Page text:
ITHACA, N.Y. — Newly retired Ithaca Police Chief John Barber was honored as the Kiwanis Officer of the Month Monday afternoon for his decades of service to Ithaca and the surrounding community.
After nearly 30 years in law enforcement, Barber announced his plans for retirement in December. At least 100 police officers and other first responders attended Barber’s last official walk-out on March 9, where he and newly appointed Acting Chief Pete Tyler formally conducted the change of command.
“The obvious choice for Kiwanis Officer of the Month is John Barber and that is long overdue,” Tyler said during the luncheon for Barber Monday. “It’s one those things where we know that if you had been chief at the time when we tried to give you an award that you never would have accepted it because of who you are and what your character is and how humble you are.”
Tyler said he and Barber were squad partners since almost the beginning of their career together, sharing the same days off and often working together. They raised through the ranks at the IPD in a similar time frame.
“You could see it early on in your career, John, when you would be out doing your calls — the energy that you had, your insistence on excellence. Even as a police officer, you could tell that you were going places,” Tyler said.
Common Council member George McGonigal said during the luncheon that Barber has done a great job bridging the gap between the community and police officers, as well as ensuring that IPD officers have ample opportunity for training.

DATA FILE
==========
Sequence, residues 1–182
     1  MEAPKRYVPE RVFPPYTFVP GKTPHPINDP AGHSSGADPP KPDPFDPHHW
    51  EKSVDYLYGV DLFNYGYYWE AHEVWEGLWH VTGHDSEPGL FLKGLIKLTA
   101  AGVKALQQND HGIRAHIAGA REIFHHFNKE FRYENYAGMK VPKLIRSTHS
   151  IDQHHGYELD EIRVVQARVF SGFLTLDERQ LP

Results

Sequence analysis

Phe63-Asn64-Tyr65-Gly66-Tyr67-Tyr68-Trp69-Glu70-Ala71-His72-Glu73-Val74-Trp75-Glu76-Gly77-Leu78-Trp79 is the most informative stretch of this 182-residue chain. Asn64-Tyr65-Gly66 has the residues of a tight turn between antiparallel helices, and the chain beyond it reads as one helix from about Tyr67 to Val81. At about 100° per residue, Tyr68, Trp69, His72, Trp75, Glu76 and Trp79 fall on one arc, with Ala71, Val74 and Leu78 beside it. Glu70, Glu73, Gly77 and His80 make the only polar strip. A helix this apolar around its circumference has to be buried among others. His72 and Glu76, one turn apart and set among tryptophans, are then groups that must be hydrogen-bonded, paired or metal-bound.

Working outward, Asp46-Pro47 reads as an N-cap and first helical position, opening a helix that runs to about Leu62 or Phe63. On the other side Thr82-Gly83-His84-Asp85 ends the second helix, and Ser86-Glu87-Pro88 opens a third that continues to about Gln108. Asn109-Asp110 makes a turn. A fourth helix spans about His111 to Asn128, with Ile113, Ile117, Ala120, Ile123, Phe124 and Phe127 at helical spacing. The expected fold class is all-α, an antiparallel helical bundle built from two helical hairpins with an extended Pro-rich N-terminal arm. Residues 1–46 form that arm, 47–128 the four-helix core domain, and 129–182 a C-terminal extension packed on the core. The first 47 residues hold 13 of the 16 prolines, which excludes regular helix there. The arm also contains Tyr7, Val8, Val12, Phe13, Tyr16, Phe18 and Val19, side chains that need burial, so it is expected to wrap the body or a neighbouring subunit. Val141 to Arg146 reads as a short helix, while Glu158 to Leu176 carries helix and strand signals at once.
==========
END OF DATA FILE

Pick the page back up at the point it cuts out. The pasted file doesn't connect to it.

He cited fun community activities, such as the annual Southside Community Barbecue and Coffee with the Chief, events where the community is invited to have positive one-on-one experiences with police officers. But he also praised the former chief for largely significant and meatier accomplishments, like his charge to create a Law Enforcement Assisted Diversion Team to better serve people with addiction problems.
“So many lives have been saved by the Ithaca Police Department, who’ve been trained for Narcan. Although they may not think so, IPD is one of the best friends a heroin addict has,” he said. “I think Chief Barber has done some pretty imaginative work to bring our community closer together.”
During closing remarks, Barber said, “As the leader of an organization, you don’t expect recognition. You always want to filter that recognition down to the people doing the work for you.”
He said it’s the officers working hard day-to-day that make the organization successful and who will continue driving the mission of IPD forward.